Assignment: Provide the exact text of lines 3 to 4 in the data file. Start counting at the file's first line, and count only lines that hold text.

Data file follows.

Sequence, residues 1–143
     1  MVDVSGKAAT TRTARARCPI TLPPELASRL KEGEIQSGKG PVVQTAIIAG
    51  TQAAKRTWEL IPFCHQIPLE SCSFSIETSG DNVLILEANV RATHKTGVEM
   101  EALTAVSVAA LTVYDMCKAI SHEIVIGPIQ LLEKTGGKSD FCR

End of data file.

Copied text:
    51  TQAAKRTWEL IPFCHQIPLE SCSFSIETSG DNVLILEANV RATHKTGVEM
   101  EALTAVSVAA LTVYDMCKAI SHEIVIGPIQ LLEKTGGKSD FCR